Death. Glitches. Mouse-people with cyber-legs. Dog -people enjoying picnics. It's fair to say this might be the strangest free games roundup yet. If you like jumping, noiring, repeatedly dying or occasionally transforming into a spaceship, you're going to want to read on.
Dojo of Death by Nico Tuason
A dojo seems like an eminently sensible place for fighting to break out, although it must be hell getting all that blood out of those nice wooden floors. Dojo of Death, then. It's a one-button, entirely mouse-driven little timewaster about a guy fond of chopping people to bits. Not a butcher, no, but a hyper-quick ninja beset from all sides by enemies. Click in the direction you happen to be pointing at to dart forward with your sword drawn and slash any baddie ninjas into ninja ham. Occasionally baddie bow-wielding ninjas emerge from the adjoining room, who can turn you into fine paste from far away. Dojo of Death is endless, and tough, and like many of the best endless-tough games, your first instinct on death will be to retry. And retry. And retry again. It's unlikely you'll remember it a week from now, but at least it kept you from finishing that super-important spreadsheet – and that's really all you could ever want from a browser game.
Figmik by Tom van den Boogaart
Figmik is a game about collecting Figmiggs. Figgmigs are...er...the things you need to collect. Really, however, Figmik is a stark arcade game about shooting dog-things and spoiling picnics, like that time Yogi Bear took a job at his local pound. When you get bored of gunning down animals you can press spacebar to transform into a ship, which lets you traverse the game world at high speed. I typically endeavour to understand the games I choose to feature in this roundup – in the case of fast-paced twin-stick shooter Figmik, I think the deck was stacked against me from the start.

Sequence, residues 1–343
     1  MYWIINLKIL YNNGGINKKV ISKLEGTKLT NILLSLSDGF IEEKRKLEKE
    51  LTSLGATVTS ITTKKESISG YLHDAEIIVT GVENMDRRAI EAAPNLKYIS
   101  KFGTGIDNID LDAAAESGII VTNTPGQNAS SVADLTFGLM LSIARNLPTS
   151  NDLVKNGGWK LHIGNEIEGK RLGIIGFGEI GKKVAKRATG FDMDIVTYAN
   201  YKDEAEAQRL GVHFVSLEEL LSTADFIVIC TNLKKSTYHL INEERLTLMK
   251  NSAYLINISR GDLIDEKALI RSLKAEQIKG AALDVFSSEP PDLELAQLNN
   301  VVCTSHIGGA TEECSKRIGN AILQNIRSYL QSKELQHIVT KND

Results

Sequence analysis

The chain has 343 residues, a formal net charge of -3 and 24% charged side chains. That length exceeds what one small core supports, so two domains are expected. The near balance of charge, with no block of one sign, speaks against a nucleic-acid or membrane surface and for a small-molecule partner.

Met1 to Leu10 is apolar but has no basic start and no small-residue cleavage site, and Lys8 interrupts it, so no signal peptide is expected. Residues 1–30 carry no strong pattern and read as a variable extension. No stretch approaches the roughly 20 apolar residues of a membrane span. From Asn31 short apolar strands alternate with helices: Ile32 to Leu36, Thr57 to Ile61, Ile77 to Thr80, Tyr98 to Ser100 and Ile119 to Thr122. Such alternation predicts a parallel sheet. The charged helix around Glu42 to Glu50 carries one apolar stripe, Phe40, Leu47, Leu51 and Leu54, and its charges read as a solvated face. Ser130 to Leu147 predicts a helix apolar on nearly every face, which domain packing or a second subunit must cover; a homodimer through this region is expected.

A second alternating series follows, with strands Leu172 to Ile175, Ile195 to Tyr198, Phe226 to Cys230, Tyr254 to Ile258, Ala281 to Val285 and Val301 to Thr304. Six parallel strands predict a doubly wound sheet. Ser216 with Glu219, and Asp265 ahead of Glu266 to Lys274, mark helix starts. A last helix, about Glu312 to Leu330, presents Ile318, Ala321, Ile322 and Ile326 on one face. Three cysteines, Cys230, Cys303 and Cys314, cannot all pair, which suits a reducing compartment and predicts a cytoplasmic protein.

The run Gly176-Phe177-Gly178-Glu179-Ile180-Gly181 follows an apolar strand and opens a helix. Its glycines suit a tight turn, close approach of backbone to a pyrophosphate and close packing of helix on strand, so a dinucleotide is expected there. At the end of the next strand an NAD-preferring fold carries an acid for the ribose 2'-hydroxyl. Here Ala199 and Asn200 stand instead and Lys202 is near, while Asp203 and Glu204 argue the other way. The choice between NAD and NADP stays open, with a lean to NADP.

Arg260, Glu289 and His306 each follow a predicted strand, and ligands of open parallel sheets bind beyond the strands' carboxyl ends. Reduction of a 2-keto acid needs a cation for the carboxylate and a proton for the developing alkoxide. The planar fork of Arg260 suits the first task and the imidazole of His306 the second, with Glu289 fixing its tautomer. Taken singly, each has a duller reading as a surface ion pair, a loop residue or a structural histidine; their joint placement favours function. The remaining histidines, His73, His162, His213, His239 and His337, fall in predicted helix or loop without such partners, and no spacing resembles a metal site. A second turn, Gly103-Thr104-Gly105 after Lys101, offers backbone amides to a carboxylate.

Into the Underdusk by almightyzentaco
A tense minimalist Metroidvania where every platform seems to be just within reach. The atmospheric environment and unusual jumping physics remind me of the Knytt games, though thankfully those had a faster running speed. In other ways this feels a bit like an old C64 game, all tricky jumps and remixed folk tunes and giant unbeatable enemies for you to avoid. I've played better Metroidvanias, and I've definitely played worse, but Into the Underdusk is one of the more focused and mechanically tight I've come across. (Via Free Indie Games )
The Shai Job by Gio-M
The Shai Job needed another pass before release. The spelling's all over the place and some of the writing is a little funky, but I like the presentation of this visual novel/aiming at gangsters/sci-fi noir game. You're a cat-person, and you're in love with a mouse-person with a cyber-leg. It's fair to say that Shai's novel animal-noir world is against you. It would be great to see a fleshed-out, better-edited follow-up, as there's the promise of something pretty good buried here.
Underbyte by Adam Hay
Another platformer? Stick with me. While Underbyte initially seems like another Mario ripoff, things take a surprising turn after you fail your first jump. The game glitches out and then those glitches become the game, but not before a brief and wonderful encounter with an NPC. You'll get a gun, which you'll use to shoot endless clones and explode blocks in showers of glorious pixel confetti. You're also given – and this might be the first one of these in history – a quintuple jump, which will help you land on those hard-to-reach glitched-out platforms. (Via Indie Statik )